The Bush Capital

“I […] picked up the notebook and pen and, after a minute’s thought, wrote, “Canberra awfully boring place. Beer cold, though.” Then I thought for a bit more and wrote, “Buy socks.”

[…]

Then I decided to come up with a new slogan for Canberra. First I wrote, “Canberra—There’s Nothing to It!” and then “Canberra—Why Wait for Death?” Then I thought some more and wrote, “Canberra—Gateway to Everywhere Else!,” which I believe I liked best of all.”

Excerpt from In a Sunburned Country, Bill Bryson.

I read that piece of prose about a month before I moved to Canberra. A good friend, American, suggested that I read Bill Bryson’s In a Sunburned Country as a way of getting into the moving mood. Of course, my friend meant well—though he couldn’t recall Bryson’s exact feelings about Canberra, he did mention that Bryson covers the whole of Australia from an American comedian’s perspective. And that’s just what the book does.

I’d done some research on my own and everything I learnt hinted at a great place to live—a quiet small town with lots of greenery and large lakes, stunning autumnal sunsets, and frostbiting winters. And so it surprised me to read the author had suffered great boredom in Canberra. In the book, Bryson moves on to Sydney, Melbourne, and Brisbane, narrating his observations along the way. And sure enough, in comparison to those metro cities, Canberra is rather subdued and humble.

Estimated population of Canberra in 2035
Estimated population of Canberra in 2035

But Canberra is far from a boring place. I’ve been exploring the area and town life every day since I moved here a month ago. And there’s not a single thing that didn’t amaze me. Aside from the old parliamentary building and the old law-making systems, the national war memorial that brings to life each war Australians suffered, and the museum of modern history that plays host to thousands of years’ history, the city by itself has a story to tell.

The National Capital Exhibition is a smaller building than the other tourist attractions. However, it hosts hundreds of interesting titbits about the city that’d make any Canberran swell with pride.

Canberra is a planned city. When the government decided that neither Sydney nor Melbourne can serve the purpose, they weighed various criteria to choose the capital city. With sufficient resources for agriculture and cultivation, natural scenery that’d attract visitors and locals alike, a secure landmass away from the coast and naval invasions, and an accessible location from all over the country, Canberra became the ideal capital. As I read through each point in favour of Canberra, I found myself nodding in agreement. This is a great place. And the best part—not many people have discovered it yet, giving it an excellent population balance.

Selection criteria for Australia's capital city
Selection criteria for Australia’s capital city

In the exhibition is a large 3D model of Canberra’s layout, lit up, and highlighting the geometrical marvel that the city is built upon. The parliament building is on top of a hill. Looking right across from the top is the national war memorial serving as a constant reminder of the consequences of any decision made inside the parliament. Branching away from the centre are the main roadways—the spines for the many suburbs woven around them. From above, Canberra looks like a spider’s web. It’s well spread out and yet interwoven to make sure you can drive from one corner of the city to another in 30 minutes or less.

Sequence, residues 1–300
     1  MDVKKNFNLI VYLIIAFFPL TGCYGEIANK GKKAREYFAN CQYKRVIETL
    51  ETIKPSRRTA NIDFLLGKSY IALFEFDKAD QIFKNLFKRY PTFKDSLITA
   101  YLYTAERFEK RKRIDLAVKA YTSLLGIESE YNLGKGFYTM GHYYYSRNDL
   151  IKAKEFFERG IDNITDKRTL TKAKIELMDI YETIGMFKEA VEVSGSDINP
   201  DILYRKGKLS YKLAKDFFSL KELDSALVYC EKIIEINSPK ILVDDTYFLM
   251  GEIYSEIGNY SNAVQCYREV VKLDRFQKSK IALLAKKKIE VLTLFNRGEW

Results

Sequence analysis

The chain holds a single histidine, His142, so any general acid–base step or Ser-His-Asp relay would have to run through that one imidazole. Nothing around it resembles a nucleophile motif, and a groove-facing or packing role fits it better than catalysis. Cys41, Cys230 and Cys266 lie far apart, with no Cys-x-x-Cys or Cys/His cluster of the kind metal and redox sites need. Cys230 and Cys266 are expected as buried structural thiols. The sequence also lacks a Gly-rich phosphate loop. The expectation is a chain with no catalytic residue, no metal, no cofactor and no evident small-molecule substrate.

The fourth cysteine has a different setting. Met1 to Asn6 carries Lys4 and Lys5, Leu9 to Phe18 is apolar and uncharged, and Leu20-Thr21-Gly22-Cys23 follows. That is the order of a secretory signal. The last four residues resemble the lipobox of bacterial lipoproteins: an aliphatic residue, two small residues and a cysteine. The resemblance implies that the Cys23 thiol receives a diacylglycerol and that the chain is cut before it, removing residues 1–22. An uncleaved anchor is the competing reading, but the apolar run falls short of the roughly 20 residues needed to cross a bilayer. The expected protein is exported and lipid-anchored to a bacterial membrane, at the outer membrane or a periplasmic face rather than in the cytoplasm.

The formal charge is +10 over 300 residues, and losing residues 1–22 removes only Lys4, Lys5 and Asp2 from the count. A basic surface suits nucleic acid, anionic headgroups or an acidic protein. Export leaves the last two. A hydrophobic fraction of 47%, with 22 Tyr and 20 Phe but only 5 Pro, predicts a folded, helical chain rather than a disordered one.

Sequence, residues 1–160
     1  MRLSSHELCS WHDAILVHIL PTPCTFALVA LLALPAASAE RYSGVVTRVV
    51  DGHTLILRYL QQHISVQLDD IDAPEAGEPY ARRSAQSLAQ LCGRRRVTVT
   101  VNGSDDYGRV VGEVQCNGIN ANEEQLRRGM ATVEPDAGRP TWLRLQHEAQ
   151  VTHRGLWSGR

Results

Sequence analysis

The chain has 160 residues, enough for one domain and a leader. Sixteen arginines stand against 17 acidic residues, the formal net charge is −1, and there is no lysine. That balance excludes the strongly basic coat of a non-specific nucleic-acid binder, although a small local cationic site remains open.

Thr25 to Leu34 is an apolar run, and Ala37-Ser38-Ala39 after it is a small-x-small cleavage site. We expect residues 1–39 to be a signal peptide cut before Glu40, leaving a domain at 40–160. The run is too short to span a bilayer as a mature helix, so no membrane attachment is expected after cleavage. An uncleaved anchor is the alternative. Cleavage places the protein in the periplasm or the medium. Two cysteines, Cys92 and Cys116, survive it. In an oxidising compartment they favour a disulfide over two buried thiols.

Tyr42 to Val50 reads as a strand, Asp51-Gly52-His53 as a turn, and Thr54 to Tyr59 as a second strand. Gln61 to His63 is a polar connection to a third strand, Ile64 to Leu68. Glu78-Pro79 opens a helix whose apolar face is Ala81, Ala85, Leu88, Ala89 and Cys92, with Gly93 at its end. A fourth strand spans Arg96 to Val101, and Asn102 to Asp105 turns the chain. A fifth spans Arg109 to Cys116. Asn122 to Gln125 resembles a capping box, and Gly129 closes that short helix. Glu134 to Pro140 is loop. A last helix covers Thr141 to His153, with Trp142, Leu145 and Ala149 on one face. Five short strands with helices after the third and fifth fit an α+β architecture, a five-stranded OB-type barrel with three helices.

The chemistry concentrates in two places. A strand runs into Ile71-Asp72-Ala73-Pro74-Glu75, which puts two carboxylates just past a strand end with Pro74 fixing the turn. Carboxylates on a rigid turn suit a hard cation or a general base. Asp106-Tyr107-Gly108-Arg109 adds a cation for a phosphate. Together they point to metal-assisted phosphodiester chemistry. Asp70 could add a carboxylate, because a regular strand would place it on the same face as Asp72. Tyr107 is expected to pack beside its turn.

And then there’re the lakes. Although artificial, Canberra’s primary lakes, Burley Griffin and Ginninderra, complement the many natural forests around the city. Footpaths go around the lakes and the bridges over. It’s as if no humans can ever disrupt the calmness of the lake or disturb the babbling ducks in it. Looking at the Lake Burley Griffin through a window, I wondered how much the city’s designers (Walter Burley Griffin and his wife Marion) would’ve appreciated and yearned for nature that they decided to plot such big lake right in the middle of the city.

  • What is Canberra to you?
  • What is Canberra to you?
  • What is Canberra to you?
  • What is Canberra to you?

Sure, Bryson was right in a few aspects—the shops close at 5 and the night scene is still quite bleak, but this is the bush capital. If you like yourself some greenery, Canberra won’t disappoint.

Parting thoughts: Never judge a place based on a few authors’ descriptions. Everything is subjective.

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6 Comments

    1. Thanks so much for reading, Albert. I’m sure there’s a lot more for me to see and experience in Canberra, and that my opinions will evolve over time. But for now, I’m loving every bit of it.

      Liked by 1 person

      Reply

      1. Thanks so much, Albert! You’ve got such an amazing list on your blog. Unfortunately, I don’t have a car but I do enjoy walking and hiking. I’ll definitely check out the parks.

        Liked by 1 person

      2. Thank you – I hope you enjoy and the reviews assist you. Even without a car there is great walking in Canberra accessible by public transport. I recently completed the centenary trail – 145kms – for the second time – of course, over a few months. I recommend it and the lakes’ walks to anyone living in Canberra.

        Liked by 1 person

      3. Wow, the Centenary trail—that’s impressive. I think I’ve walked parts of it. I’ve certainly walked around a large chuck of the Lake Burley Griffin, and I live across Lake Ginninderra, so it’s an everyday routine. And the buses are great too. I made good pretty use of the one-month free rides.

        Liked by 1 person

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